A long, long time ago, before steno machines and computers were invented, court reporters wrote down testimony in legal proceedings with a method called Gregg shorthand, using pen and paper. This method of writing in abbreviated form was invented by an Irishman named John Robert Gregg in 1888.
Gregg shorthand has almost ceased to exist now, but the people who remember it often refer to it as the “squiggly lines.” Since the people writing down testimony were writing in shorthand, they were called shorthand reporters. This term is still sometimes used today.
Like any kind of cursive handwriting, Gregg shorthand could be hard for anyone to read except for the person who wrote it. Since testimony was written at the sometimes incredibly high speeds at which people talk, it was all the more difficult for anyone else to read it, much less transcribe. So court reporters were usually the ones tasked with transforming their own shorthand into typewritten transcripts.
Then, in 1877, the steno machine was invented by a man named Miles Bartholomew. Court reporters now had to spend time learning how to operate this steno machine. And they also had to learn how to read steno notes rather than Gregg shorthand. After they had mastered these skills, life as a court reporter significantly improved.
It was less taxing to write testimony onto a machine rather than write it out by hand. And now court reporters could hire someone to help them type this testimony into transcripts. Court reporters today still call what they do writing instead of typing because in the earliest days of court reporting, shorthand was indeed written, not typed.
Originally, and actually until very recently, all steno machines had a tray sticking out of the front of them in which sat a thick rectangular block of paper that fed automatically through the machine as the reporter wrote down testimony. You can still buy used steno machines like this today. On that long rectangular strip of paper were the words that had been spoken during the testimony, not in plain English, but in what is called steno.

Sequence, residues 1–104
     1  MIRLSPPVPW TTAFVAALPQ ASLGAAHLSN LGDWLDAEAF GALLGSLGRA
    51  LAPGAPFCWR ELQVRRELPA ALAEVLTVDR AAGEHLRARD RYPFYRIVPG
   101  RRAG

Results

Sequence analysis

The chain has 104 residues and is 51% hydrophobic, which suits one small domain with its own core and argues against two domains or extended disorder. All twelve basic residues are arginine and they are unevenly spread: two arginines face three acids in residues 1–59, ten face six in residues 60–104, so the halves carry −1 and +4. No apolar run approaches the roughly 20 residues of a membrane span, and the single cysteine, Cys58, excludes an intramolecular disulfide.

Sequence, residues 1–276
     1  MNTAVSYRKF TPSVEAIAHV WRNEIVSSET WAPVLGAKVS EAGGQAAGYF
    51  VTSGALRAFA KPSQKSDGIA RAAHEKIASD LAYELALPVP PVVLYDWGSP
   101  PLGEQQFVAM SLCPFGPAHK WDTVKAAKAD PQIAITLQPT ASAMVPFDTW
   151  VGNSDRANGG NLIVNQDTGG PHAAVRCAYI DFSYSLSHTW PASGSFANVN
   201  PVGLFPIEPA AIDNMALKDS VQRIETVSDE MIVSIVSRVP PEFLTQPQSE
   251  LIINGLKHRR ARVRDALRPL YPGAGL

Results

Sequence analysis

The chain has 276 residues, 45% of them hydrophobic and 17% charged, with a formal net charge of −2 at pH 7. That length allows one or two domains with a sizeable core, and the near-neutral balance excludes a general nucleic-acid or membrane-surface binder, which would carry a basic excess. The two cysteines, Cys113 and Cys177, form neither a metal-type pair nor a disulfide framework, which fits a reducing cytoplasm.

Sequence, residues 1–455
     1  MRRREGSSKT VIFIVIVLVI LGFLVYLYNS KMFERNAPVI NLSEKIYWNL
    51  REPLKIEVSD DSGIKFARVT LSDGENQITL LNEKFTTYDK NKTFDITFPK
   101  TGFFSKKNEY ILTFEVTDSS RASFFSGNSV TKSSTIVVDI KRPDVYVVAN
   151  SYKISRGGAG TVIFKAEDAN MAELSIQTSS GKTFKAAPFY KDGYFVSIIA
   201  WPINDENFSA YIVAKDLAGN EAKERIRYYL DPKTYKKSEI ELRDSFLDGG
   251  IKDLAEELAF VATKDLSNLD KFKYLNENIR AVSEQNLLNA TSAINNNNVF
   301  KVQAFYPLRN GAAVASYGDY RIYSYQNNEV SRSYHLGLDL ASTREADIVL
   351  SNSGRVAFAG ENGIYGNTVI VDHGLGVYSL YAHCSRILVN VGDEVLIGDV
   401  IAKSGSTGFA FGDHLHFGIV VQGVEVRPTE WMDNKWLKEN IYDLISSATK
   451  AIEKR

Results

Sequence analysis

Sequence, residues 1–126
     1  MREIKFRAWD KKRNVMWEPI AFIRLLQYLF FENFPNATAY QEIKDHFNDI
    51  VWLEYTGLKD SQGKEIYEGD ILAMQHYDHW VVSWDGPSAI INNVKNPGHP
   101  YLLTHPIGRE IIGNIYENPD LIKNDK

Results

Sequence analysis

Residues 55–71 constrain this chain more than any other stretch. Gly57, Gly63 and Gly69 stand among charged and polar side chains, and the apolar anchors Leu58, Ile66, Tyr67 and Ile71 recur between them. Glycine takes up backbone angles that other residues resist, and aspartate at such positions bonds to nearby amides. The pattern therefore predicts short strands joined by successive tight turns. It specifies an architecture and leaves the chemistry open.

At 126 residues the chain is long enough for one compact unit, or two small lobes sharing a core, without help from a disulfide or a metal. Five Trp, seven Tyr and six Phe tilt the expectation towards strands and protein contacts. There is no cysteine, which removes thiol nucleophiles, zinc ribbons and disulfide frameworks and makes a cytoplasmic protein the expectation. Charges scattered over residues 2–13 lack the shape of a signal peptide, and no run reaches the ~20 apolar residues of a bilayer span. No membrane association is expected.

(Fun Fact – steno is also called machine shorthand)
Unlike Gregg shorthand, which was commonly taught in school and was used by secretaries and people in various other jobs, no one in the world was taught how to write or read steno except for court reporters.
After a court reporter was finished with a job, they would either type their steno notes into a transcript themselves or hand the task over to a note reader.
Note readers would take the very long (sometimes miles long) strips of paper onto which the court reporter had typed the testimony in steno and carefully from scratch type every single word in English onto a typewriter. Pencil erasers and correction fluid were used to correct mistakes. Carbon paper was used to make copies. What if they made an error that couldn’t be corrected? They would have no choice but to type that whole page all over again. O.M.G.
Fortunately, life for the court reporter once again changed for the better, in a big way, with the invention of the computer. Now reporters could insert disks into their steno machines, and the testimony would be recorded onto both the disk and the steno paper. Then after the end of the testimony, they’d pop those disks into a desktop computer and transcribe faster and easier than ever before.
This easier method came with a new challenge, though. Now court reporters needed someone who not only could read steno but who also had computer skills.